It’s a promising premise: An established writer takes a talented youngster under her wing, only to find her protégée has taken more from her than she realized. But Collected Stories never lives up to its potential, even in this star-studded revival.
It’s easy to see why Donald Margulies’ two-hander is so often restaged: It provides actresses of a certain age with an articulate, interesting dramatic role, smack in the spotlight. In her cozy, book-lined apartment in 1990s Greenwich Village, aging writer Ruth Steiner (Linda Lavin) supplements her income and her social life by teaching creative writing to graduate students. When Lisa Morrison (Sarah Paulson) comes in for a session, she’s bright-eyed and bushy-tailed, but she’s also an intelligent admirer of Ruth’s work, and some of her naivety is sheer nervousness in the presence of her idol. Further, to Ruth’s surprise, Lisa shows real talent, and she wangles a position as Ruth’s assistant. The two women gradually grow close, as Ruth’s health declines and Lisa’s career star rises, with Ruth even sharing the story of a momentous affair she had (but has never written about) with the poet Delmore Schwartz. But Lisa, with only her own young life to mine for material, needs to write a novel, and when she’s in search of a topic, it’s that very affair that catches her attention.
The mentor/protégée relationship is rich dramatic territory, and Margulies’ dialogue dutifully plods through many of the issues involved in the chiasmus of a waning and a waxing star. But this play loads the deck. Our sympathies are almost always with the battle-scarred Ruth – even when she’s kvetching about Lisa’s well-meant efforts to tidy up her stacks of papers – and that’s due as much to the way the role is written as to Lavin’s undeniable charm. Lisa, as Margulies depicts her, never rises above the trite trajectory of smart, self-effacing student who’s starting to make good – her appropriation of Ruth’s story is the only complicating factor. But the character of articulate, relatable Ruth is more carefully and capably explored than the perky student’s psyche. Given this imbalance, the play shortchanges its subject: Instead of being about a complicated, changing relationship, it becomes a story of betrayal, as Lisa’s “arguments” for appropriating Ruth’s story boil down to quoting Ruth back to herself, and the play stutters to an inconclusive ending.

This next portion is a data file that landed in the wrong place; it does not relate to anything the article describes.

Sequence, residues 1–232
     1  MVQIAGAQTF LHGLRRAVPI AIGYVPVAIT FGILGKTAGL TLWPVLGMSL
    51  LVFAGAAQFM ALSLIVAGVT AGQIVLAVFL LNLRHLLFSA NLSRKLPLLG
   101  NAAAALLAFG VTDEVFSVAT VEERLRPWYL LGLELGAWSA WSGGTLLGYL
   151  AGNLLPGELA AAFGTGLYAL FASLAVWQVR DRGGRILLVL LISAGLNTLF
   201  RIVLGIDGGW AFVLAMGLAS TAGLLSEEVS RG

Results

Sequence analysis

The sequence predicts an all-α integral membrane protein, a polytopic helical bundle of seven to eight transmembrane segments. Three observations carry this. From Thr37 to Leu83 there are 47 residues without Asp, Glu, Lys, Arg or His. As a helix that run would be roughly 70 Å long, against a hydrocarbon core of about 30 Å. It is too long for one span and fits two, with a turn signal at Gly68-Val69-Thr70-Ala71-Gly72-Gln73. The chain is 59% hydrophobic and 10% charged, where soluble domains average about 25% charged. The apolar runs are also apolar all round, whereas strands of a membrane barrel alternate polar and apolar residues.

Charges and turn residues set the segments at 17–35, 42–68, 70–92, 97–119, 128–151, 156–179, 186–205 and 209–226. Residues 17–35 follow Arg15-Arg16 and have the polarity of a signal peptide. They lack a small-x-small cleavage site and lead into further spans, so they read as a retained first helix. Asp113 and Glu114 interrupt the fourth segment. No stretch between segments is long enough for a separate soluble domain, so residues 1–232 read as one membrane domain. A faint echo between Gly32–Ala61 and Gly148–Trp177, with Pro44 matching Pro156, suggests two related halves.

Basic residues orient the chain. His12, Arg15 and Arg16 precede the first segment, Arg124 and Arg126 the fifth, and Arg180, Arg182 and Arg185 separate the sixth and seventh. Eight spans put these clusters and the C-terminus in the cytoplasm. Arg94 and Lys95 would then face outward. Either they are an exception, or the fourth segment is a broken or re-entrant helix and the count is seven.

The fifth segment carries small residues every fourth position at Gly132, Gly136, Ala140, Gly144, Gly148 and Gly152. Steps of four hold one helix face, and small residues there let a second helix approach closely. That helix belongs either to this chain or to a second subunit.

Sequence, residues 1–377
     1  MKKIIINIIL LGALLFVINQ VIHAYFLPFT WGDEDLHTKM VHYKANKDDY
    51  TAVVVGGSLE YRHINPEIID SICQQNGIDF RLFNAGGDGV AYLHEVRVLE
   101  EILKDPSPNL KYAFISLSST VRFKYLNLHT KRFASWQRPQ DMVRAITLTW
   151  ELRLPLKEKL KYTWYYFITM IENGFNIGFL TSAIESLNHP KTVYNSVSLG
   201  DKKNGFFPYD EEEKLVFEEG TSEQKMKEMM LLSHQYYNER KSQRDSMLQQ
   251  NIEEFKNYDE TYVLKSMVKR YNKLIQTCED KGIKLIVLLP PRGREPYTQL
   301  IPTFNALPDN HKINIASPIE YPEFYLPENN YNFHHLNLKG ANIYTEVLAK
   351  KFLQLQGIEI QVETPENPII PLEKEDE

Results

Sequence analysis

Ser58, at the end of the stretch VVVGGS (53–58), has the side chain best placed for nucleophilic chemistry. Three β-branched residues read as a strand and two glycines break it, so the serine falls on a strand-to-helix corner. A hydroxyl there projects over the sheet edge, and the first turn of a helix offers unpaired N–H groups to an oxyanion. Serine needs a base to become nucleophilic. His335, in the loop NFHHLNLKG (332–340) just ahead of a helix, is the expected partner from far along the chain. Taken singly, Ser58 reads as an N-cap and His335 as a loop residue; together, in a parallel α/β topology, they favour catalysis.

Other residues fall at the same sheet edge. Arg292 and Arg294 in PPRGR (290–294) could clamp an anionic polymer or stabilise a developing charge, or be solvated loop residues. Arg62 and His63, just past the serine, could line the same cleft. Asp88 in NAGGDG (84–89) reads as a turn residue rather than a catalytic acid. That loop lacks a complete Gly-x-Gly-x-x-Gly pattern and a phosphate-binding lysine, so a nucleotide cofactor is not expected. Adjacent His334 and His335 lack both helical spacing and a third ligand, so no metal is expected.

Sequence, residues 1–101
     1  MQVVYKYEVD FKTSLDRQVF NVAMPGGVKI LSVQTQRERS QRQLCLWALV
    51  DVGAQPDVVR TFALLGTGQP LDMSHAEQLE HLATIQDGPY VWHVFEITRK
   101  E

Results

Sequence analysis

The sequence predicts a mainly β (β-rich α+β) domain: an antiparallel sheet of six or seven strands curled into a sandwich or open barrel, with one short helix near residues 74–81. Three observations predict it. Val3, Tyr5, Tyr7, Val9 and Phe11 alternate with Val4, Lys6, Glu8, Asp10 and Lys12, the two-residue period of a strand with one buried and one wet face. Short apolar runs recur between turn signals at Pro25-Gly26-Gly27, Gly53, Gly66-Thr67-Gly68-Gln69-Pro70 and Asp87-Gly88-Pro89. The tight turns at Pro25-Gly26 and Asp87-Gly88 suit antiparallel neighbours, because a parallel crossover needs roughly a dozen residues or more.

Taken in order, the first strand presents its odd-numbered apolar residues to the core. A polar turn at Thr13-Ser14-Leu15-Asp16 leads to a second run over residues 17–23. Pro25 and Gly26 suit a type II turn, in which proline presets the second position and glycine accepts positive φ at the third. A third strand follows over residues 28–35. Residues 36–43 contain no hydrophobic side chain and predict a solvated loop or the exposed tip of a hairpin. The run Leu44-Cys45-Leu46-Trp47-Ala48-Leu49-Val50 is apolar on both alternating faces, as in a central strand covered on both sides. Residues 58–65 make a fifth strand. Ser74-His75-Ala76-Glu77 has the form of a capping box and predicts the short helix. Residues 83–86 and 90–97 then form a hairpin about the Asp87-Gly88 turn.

Given this flaw, there’s not much that even the talents of director Lynn Meadow and her leading ladies can do to elevate this show above being simply a showcase for Lavin. The former Alice brings warmth, wryness and grit to Ruth, winning over the audience as surely as Lisa wins Ruth over. But while Paulson’s competently sunny yet shy as the aspiring writer tending to her mentor’s every need, even while she climbs the authorial ladder and descends the moral one, her character never gains more nuance (or even opacity); she simply becomes more of a plot device. Paulson’s portrayal is a trifle mannered, which is not out of keeping with her character, but it’s the role that fails, not her. And it’s just that failure in the writing that may be Ruth’s real revenge.